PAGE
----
on Aug 24, 2009
The “copyright dispute” system in YouTube is pathetic. Remember my Reset Button video?
Someone claimed I was using their “copyrighted material”. That’s pretty hard to believe, since I made the content myself. There are a few still images used in there, but they’re from promotional materials from Nintendo, Sony, etc. and they fall easily under fair use. But someone from the Japanese YouTube channel eb!TV claimed that some unspecified portion of my video infringed on their content. Now they get a free link from the video’s page, which accuses me of stealing content. Also, ads now run over the bottom of my video.
I disputed the claim, but now I have to wait for a response from the accuser. I don’t think he has much incentive to get back to me in a hurry, since the longer he takes the longer his ad sits on my page for free. This entire system is preposterous. I’m not crazy about the guilty-until-you-can-prove-yourself-innocent attitude of it, although I guess that’s necessary on YouTube’s part because they don’t want to end up mediating a bunch of disputes. However, the system of giving a free link to the accuser and then making the accused fight to get rid of it is a nasty one, since it sets up incentives for people to game or abuse the system in order to increase traffic. The fact that the accuser doesn’t even need to make specific claims is even worse, since they can make drive-by blanket accusations claiming that “some unspecified portion of your ten-minute video is taken from us” and then leave all the legwork to the accused to figure out what part they might be talking about and address it specifically.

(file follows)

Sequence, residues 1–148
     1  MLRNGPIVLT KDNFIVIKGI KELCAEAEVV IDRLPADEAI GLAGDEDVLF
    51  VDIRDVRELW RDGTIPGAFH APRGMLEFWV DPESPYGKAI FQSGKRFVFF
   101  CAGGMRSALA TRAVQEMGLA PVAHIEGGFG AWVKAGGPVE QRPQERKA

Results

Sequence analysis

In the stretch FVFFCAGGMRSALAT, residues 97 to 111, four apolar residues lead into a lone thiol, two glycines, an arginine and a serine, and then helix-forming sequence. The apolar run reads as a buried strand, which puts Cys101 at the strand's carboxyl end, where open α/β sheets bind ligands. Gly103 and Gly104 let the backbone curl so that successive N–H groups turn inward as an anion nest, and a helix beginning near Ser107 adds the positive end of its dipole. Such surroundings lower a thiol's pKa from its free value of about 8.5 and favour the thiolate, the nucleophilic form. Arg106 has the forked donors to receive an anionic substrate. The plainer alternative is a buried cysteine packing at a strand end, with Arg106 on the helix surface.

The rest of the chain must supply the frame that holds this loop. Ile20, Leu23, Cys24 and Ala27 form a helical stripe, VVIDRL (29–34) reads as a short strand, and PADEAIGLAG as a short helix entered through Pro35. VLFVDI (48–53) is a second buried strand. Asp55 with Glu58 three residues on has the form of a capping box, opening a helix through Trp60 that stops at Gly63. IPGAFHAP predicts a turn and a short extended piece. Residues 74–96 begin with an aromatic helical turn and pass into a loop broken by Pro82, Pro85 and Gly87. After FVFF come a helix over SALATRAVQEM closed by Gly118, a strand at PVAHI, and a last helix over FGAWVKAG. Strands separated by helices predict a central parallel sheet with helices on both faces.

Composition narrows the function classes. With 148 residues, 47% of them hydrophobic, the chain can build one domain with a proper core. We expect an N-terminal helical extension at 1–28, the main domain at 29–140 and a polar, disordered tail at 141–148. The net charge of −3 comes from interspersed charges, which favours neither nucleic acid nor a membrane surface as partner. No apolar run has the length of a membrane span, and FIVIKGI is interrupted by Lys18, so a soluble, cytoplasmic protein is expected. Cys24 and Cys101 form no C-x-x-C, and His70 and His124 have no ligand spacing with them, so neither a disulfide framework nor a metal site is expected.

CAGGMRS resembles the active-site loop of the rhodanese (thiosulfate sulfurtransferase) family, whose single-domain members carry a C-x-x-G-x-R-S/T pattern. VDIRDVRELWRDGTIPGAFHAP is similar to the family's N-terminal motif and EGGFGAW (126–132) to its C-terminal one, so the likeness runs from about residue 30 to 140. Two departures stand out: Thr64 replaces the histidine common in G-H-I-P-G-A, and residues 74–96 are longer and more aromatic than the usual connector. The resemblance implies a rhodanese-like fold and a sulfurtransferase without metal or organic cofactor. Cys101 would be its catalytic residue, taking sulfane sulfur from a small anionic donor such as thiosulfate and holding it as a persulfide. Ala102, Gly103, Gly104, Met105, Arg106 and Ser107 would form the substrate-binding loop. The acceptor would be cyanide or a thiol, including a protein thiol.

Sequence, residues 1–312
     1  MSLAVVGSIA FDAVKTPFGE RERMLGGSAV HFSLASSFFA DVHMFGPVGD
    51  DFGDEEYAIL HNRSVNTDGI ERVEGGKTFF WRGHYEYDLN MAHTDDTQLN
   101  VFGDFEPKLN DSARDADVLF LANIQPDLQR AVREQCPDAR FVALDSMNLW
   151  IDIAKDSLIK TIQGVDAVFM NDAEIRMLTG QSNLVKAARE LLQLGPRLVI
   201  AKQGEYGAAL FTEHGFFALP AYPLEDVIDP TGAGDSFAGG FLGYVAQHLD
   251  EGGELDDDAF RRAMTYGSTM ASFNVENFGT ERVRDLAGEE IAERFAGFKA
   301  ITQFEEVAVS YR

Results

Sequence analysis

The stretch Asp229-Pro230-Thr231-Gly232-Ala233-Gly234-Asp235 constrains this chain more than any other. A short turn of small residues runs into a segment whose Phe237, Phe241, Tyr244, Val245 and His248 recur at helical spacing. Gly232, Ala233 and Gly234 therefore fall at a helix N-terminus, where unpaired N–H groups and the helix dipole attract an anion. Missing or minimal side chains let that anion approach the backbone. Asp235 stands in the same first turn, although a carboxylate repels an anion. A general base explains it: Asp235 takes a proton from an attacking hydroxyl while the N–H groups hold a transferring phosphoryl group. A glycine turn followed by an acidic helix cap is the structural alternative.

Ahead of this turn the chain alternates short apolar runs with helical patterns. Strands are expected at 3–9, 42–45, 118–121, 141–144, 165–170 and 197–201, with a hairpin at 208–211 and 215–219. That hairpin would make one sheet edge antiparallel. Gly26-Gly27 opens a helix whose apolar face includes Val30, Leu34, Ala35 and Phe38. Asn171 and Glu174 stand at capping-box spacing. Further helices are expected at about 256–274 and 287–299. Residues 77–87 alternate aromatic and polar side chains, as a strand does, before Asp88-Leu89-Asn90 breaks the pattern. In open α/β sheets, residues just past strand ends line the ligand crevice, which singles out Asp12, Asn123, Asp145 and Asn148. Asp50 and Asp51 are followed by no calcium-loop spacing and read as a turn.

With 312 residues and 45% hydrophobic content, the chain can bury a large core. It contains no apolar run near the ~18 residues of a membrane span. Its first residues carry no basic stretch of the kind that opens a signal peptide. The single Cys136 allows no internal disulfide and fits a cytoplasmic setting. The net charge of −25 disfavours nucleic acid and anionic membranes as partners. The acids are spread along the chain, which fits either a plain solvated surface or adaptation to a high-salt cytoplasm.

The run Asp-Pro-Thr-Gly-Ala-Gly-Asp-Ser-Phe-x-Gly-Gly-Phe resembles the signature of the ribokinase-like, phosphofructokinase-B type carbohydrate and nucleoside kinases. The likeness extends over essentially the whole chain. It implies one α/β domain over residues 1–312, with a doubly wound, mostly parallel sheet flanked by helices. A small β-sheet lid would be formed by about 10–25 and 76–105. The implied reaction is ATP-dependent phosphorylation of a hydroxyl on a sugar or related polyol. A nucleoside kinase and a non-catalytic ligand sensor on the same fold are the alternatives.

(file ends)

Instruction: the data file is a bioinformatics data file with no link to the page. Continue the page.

This sucks. I can’t stand that eb!TV gets a link and a finger in my eye every time someone visits the page. (The accusation the “this uses content from eb!TV” bothers me more than the link itself.) I’ve scanned through their archives. The only thing I could find is this Mirror’s Edge video, which is a lame-ass shot of the game taken from a camcorder aimed at a TV. The thumbnail view of their video looks like the opening of mine, except mine was taken directly from the game and not that amateur-hour setup they have going there. But all Mirror’s Edge footage looks more or less the same. Is that the basis of their claim? That I somehow swiped the crappy TV footage and magically turned it into my nice, clean direct-feed footage? Or is it something else? How am I supposed to defend myself against this sort of nonsense?
Do I take my video down? It’s only got 28k views, which is pretty small. Having said that, doing so will hurt me (my hard work gone) more than it hurts my accuser. (Who will lose the tiny trickle of traffic I bring them, perhaps a visit a day or something similarly meaningless.) It doesn’t help that the accuser is Japanese, and thus operating under an entirely different language and set of IP laws.
A system where you’re guilty and punished until you can prove yourself innocent against lazily vague claims (the details of which have never even been shown to me) of infringement with no cost or penalty to the accuser – even if they are proven wrong – is unjust and unhealthy. eb!TV should have been required to not only cite what portion of my video infringed, but also where I supposedly took the content from. That can still be faked, but at least it would require the accuser to commit an act of deliberate deception rather than just fire off an email and get free advertising at my expense.
As it stands, I could do a bunch of legwork, harangue YouTube for details, and maybe win the fight and get the video cleared, and all that will happen is that my video will return to normal. Adding to the injustice is that fact that drawing attention to the problem increases their benefit even more. Now lots of people will click on that link and view their channel.
Shamus Young is an old-school OpenGL programmer, author, and composer. He runs this site and if anything is broken you should probably blame him.